Communist leaders have promoted “new energy vehicles” for 15 years with subsidies to developers and buyers. That, along with support including orders to state-owned utilities to blanket China with charging stations, is helping to transform the technology into a mainstream product.

“People’s mindset and governmental policies are more encouraging toward e-cars than in any other country,” said VW CEO Herbert Diess.

Electric vehicles play a key role in the ruling Communist Party’s plans for government-led development of Chinese global competitors in technologies from robotics to biotech.

Those ambitions set off Beijing’s tariff war with President Donald Trump. Washington, Europe and other trading partners complain Chinese subsidies to technology developers and pressure on foreign companies to share know-how violate its market-opening commitments.

Electric car subsidies end next year, replaced by sales quotas. Automakers that fall short can buy credits from competitors that exceed their targets or face possible fines.

“Most of the traditional car makers are under huge pressure to launch NEVs,” said industry analyst John Zeng of LMC Automotive.

Last year’s Chinese sales of pure-electric and hybrid sedans and SUVs soared 60% over 2017 to 1.3 million, or half the global total. At the same time, industry revenue was squeezed by a 4.1% fall in total Chinese auto sales to 23.7 million vehicles.

That skid that worsened this year. First-quarter sales fell 13.7% from a year ago.

Still, China is a top market for global automakers, giving them an incentive to go along with Beijing’s electric ambitions. Total annual sales are expected eventually to reach 30 million, nearly double last year’s U.S. level of 17 million.

Under Beijing’s new rules, automakers must earn credits for sales of electrics equal to at least 10% of purchases this year and 12% in 2020. Longer-range vehicles can earn double credits. That means some brands can fill their quota if electrics make up as little as 5% of sales.

Also Tuesday, Nissan Motor Co. and its Chinese partner displayed the Sylphy Zero Emission, an all-electric model designed for China. Based on Nissan’s Leaf, the lower-priced Sylphy went on sale in August.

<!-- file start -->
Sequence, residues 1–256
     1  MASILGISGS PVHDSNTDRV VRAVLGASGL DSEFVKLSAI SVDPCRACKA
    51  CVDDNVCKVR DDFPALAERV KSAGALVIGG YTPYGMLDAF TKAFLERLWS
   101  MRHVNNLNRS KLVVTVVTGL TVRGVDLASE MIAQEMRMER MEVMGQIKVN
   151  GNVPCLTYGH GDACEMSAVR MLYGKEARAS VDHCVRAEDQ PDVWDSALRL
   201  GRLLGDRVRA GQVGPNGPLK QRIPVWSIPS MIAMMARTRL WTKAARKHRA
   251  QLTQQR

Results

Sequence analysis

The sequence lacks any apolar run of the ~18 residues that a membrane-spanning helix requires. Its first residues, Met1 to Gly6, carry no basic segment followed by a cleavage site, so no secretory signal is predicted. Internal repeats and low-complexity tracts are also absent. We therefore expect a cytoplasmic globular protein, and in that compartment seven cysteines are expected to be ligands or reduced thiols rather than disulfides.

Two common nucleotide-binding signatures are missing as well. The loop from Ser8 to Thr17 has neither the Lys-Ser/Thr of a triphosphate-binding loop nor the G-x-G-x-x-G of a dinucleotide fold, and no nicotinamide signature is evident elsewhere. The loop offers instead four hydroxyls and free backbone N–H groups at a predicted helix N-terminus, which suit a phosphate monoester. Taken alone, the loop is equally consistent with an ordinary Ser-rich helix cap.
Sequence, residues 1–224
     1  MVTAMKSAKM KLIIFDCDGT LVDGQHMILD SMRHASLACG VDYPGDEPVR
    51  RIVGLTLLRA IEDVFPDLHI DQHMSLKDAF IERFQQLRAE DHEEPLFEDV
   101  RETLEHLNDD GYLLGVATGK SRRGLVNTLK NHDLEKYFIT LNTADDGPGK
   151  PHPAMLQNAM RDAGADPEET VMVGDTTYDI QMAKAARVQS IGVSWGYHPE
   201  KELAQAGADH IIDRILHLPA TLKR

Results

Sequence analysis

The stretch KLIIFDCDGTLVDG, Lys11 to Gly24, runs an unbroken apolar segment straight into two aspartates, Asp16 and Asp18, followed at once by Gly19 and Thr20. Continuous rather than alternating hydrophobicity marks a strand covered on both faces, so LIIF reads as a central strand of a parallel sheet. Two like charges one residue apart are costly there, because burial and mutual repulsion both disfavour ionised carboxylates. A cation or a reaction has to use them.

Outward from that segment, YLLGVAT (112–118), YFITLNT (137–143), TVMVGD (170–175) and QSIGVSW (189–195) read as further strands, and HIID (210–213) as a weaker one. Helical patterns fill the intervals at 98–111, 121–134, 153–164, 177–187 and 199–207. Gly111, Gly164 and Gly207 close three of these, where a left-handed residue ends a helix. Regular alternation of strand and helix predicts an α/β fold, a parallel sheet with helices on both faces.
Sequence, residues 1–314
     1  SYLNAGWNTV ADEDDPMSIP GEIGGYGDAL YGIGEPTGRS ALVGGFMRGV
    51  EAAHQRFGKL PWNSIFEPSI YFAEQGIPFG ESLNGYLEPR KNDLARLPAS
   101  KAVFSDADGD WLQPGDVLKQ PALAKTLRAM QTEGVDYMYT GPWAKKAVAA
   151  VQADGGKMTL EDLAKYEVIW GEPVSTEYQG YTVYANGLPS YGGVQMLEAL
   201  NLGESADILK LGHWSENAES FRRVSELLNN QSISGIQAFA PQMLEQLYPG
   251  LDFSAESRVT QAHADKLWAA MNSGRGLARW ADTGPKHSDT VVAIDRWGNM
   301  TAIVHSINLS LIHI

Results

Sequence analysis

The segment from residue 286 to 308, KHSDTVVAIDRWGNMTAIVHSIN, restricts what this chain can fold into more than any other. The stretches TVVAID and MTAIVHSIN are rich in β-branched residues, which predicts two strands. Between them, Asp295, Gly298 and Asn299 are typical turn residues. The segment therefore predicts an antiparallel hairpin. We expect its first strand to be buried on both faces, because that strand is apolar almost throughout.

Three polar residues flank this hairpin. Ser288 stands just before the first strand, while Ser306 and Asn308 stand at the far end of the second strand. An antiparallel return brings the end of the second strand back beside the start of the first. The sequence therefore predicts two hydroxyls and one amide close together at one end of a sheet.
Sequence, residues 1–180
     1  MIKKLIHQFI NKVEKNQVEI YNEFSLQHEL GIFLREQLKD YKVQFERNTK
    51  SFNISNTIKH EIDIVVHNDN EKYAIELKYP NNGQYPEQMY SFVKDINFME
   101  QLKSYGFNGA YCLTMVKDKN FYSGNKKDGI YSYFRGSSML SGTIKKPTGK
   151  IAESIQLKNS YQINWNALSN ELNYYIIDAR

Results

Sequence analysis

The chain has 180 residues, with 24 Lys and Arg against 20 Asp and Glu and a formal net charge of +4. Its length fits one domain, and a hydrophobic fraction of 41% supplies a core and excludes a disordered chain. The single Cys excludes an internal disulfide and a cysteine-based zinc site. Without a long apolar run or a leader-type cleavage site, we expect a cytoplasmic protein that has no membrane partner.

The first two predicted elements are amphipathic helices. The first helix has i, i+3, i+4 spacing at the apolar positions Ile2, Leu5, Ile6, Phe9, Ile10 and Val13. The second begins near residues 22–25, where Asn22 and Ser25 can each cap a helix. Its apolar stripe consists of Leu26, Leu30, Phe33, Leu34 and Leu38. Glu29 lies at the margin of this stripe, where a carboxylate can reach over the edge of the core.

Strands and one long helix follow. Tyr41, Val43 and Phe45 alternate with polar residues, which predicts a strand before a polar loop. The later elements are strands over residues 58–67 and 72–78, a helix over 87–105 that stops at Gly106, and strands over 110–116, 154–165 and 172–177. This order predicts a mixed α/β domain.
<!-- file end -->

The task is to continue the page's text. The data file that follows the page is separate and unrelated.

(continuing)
electric car
The Sylphy Zero Emission, an all-electric model designed for China is displayed at the Nissan booth during the Auto Shanghai 2019 show in Shanghai on Tuesday, April 16, 2019. VOA

Mercedes Benz displayed its first all-electric model in China, the EQC 400 SUV. The Germany automaker says it can travel 400 kilometers (280 miles) on one charge and can go from zero to 100 kph (62 mph) in 5.2 seconds.

Mercedes plans to release 10 electrified models worldwide, with most built in China, according to Hubertus Troska, its board member for China. Some Chinese rivals have been selling low-priced electrics for a decade or more.

China’s BYD Auto, the biggest global electric brand by sales volume, unveiled three new pure-electric models last month. All promise ranges of more than 400 kilometers (280 miles) on one charge.

Last week, Geely Auto unveiled a sedan under its new electric brand, Geometry, with an advertised range of up to 500 kilometers (320 miles) on one charge.

Geely’s parent, Geely Holding, launched a joint venture with Mercedes parent Daimler AG in March to develop electrics under the smart brand. Geely Holding is Daimler’s biggest shareholder and also owns Sweden’s Volvo Cars.

Beijing wants to force automakers to speed up innovation and squeeze out producers that rely too heavily on subsidies. But the technology minister acknowledged in January that China faces a difficult transition as that spending is ending.

Keeping development on track “will be a challenge,” said Miao Wei, according to a transcript on his ministry’s website.

The shift creates an opportunity for fledgling Chinese automakers that lag global rivals in gasoline technology. They have just 10% of the global market for gasoline-powered vehicles but account for 50% of electric sales.

The end of subsidies should lead to dramatic changes, said Zeng of LMC Automotive. He said longer-range, feature-rich models from global majors will replace small producers that cannot survive without subsidies. Electric vehicles “will be much more competitive,” said Zeng.

ALSO READ: Samsung India to Launch Galaxy A70 Next Week

As the cost of batteries and other components falls, industry analysts say electrics in China could match gasoline vehicles in price and become profitable for manufacturers in less than five years.

EVs carry a higher sticker price in China than gasoline models. But industry analysts say owners who drive at least 16,000 kilometers (10,000 miles) a year save money in the long run, because maintenance and charging cost less. (VOA)